Apex for Interactive (Reference) Data
Launch event for Interactive Data’s new reference data service Apex on Wednesday night, hosted at Nasdaq Time Square and introduced by Mark Hepsworth. Apex looks like a good offering, combining multi-asset data access, batch file and on-demand API requests from the same data store, plus hosted data management services, and a flexible licensing/distribution/re-distribution model.
Some good speakers at the event. Larry Tabb ran through his opinions on the current market, starting with regulation. He painted a mixed picture of the market, starting with the continuing exit by investors from the equity mutual funds market, offset to some degree by rapid growth in ETF assets (54% growth over past 3 years to $1,200billion). Obviously events such as the Flash Crash, Libor, the London Whale and Knight Capital have not increased investors confidence in markets either.
On regulation he first cited the sheer amount of regulation being attempted at the moment going through systemic risk/too big to fail, Dodd-Frank, Volcker, derivatives regulation, Basel III etc. Of particular note he mentioned some concerns over whether there is simply enough collateral around in the market given increased capital requirements and derivative regulation (a thought currently shared by the FT apparently in this article).
Given the focus of the event, Larry unsurprisingly mentioned the foundational role of data in meeting the new regulatory requirements, which for the next few years he believes will be focussed on audit and the ability to explain and justify past decisions to regulators. Also given the focus of the event, Larry did not mention his recent article on the Tabb Forum on federated data management strategies which I would have been interested to hear Interactive’s comments on, particularly given their new hosted data management offerings.
Mike Atkin of the EDM Council was next up and described a framework for what he thought was going on in the market. In summary, he split the drivers for change into business and regulatory, and categorised the changes into:
- Systemic Risk
- Capital and Liquidity
- Clearing and Settlement
- Control and Enforcement
He then that the fundamental challenge with data was to go through the chain of identifying things, descibing them, classifying/aggregating them and then finally establishing linkages. He then ended this part of his presentation with the three aspects he thought necessary to sort this out from industry data standards, to methods of best practice and on to having infrastructure in place to enable these changes.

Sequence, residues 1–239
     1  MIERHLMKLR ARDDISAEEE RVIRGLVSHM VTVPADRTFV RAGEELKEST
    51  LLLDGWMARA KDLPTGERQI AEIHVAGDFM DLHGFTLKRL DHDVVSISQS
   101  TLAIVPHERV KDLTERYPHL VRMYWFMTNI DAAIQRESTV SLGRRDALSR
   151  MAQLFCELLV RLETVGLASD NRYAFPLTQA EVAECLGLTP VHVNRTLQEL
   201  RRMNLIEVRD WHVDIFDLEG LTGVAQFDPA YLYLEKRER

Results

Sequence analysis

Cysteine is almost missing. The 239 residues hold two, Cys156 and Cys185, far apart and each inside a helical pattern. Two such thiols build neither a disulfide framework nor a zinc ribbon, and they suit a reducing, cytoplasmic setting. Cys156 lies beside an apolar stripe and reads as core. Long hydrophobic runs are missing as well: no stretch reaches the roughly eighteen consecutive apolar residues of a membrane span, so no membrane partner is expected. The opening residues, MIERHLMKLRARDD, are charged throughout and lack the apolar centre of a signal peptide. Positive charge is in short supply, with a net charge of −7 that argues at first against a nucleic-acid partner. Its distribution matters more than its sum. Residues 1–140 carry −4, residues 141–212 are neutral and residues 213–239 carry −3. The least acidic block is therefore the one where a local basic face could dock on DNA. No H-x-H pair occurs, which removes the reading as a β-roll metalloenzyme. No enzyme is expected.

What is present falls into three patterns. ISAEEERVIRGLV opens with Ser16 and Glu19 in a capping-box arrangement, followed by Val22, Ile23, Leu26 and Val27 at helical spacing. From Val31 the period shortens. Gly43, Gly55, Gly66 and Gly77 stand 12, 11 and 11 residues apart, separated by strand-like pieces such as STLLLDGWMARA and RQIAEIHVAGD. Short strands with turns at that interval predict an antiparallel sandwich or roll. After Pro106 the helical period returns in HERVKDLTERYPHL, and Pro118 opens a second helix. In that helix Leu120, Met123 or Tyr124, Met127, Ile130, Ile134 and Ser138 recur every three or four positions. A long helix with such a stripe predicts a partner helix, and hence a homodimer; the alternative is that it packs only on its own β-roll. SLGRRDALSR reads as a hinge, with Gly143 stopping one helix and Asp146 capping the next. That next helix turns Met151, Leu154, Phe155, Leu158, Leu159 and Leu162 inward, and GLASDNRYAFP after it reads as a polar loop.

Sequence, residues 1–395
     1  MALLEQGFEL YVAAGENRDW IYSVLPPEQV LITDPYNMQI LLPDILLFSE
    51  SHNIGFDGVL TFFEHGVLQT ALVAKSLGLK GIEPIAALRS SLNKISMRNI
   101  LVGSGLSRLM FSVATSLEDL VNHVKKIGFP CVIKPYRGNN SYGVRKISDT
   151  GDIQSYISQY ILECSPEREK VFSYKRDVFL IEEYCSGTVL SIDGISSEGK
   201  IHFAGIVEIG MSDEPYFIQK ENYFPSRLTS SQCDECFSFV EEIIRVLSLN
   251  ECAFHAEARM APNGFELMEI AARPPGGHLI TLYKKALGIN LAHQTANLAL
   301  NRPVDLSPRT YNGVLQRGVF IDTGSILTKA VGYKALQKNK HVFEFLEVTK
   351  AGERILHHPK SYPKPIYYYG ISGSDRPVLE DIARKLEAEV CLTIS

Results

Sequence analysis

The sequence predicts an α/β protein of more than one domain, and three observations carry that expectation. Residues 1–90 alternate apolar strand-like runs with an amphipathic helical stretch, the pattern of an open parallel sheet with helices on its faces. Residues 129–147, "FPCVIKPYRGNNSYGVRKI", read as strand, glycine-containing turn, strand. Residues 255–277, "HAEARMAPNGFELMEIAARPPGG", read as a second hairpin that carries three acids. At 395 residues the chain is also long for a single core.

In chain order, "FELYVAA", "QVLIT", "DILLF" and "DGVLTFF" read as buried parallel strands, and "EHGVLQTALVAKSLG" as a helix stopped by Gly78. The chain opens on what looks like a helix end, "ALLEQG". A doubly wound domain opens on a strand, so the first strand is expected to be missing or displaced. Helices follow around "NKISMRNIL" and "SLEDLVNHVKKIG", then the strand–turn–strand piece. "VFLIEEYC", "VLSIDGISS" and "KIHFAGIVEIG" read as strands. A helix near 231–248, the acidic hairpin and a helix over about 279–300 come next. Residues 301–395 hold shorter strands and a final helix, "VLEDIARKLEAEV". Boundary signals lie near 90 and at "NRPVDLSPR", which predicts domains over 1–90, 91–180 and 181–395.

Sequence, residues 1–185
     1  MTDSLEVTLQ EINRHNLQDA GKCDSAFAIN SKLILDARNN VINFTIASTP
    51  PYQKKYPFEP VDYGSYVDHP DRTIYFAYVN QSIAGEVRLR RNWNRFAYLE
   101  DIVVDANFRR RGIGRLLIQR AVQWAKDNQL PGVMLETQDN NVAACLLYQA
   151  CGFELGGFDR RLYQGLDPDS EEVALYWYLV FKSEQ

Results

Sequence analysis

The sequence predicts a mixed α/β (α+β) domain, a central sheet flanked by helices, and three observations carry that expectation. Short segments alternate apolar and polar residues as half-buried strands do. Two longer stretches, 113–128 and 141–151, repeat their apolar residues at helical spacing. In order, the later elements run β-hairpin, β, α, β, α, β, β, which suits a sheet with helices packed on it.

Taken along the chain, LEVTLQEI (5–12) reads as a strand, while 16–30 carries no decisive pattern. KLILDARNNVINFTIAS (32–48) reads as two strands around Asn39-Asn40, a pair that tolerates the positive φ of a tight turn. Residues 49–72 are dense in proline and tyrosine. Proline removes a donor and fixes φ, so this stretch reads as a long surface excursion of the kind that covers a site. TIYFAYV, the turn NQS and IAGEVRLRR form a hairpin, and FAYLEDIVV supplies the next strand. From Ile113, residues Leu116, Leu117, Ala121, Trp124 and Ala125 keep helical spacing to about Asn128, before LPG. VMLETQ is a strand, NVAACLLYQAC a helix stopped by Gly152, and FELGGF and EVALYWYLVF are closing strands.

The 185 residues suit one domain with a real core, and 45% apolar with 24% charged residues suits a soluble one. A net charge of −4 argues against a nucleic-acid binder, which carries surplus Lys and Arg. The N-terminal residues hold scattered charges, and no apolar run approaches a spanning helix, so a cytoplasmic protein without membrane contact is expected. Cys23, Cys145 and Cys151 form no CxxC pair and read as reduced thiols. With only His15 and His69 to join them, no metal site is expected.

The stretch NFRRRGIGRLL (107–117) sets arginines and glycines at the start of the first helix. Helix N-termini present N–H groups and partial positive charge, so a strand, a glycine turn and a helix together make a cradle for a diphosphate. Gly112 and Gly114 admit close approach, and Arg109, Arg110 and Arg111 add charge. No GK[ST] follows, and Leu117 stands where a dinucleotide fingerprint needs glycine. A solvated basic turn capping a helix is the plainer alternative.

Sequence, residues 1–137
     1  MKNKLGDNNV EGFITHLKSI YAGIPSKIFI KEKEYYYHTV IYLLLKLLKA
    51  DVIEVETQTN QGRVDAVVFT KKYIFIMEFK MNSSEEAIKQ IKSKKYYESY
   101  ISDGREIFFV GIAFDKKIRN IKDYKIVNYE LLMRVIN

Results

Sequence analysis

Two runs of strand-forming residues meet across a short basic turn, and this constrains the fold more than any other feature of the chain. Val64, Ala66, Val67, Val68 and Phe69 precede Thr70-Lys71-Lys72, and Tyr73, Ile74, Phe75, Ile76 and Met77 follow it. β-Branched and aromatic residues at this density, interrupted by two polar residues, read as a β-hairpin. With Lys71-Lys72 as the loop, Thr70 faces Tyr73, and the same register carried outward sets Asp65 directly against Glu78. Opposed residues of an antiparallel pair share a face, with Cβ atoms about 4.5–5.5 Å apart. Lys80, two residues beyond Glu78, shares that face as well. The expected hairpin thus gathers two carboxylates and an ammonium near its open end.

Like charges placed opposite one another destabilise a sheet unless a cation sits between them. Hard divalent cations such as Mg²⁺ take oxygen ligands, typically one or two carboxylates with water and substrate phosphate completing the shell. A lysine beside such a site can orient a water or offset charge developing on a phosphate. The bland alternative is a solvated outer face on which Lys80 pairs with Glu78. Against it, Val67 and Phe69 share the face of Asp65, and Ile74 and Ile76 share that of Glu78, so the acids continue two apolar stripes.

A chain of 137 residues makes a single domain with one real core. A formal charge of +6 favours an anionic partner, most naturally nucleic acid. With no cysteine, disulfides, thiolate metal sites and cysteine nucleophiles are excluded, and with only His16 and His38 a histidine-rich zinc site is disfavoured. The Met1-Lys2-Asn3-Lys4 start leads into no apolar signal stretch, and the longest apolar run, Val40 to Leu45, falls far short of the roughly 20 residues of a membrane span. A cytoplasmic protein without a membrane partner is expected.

Mike then went on to recount a conversation he had had with a hedge fund manager, who had defined the interesting concept of a “Data Risk Equation“:
N x CC x S / (Q x V)
N: is the number of variables
CC: is a measure of calculation complexity
S: is the number of data sources needed
Q: is a measure of quality
V: is a measure of verifiability
I think the angle was the Hedge Fund guy was simply using a form of the above to categorise and compary the complexity of some of the data issues his firm was dealing with.
Aram Flores of Deutsche Bank then talked briefly. Of note was his point that the new regulation was forcing DB to use more external rather than internal data, since regulation now restricted the use of internal data within regulatory reporting. Sounds like good news for Interactive and some of its competitors. Eric Reichenberg of SS&C GlobeOp then gave a quick talk on the importance of accurate data to his derivative valuation services. The talks ended with a well-prepped conversation between Marty Williams and one of their new Apex clients, who jokingly refered to one of the other well-known data vendors as the Evil Empire which raised a few smiles – fortunately the speaker didn’t start to choke at this point so obviously Darth Vader wasn’t spying on the proceedings…
So overall a good event, new product offering looks interesting, speakers were entertaining and the drinks/food/location were great.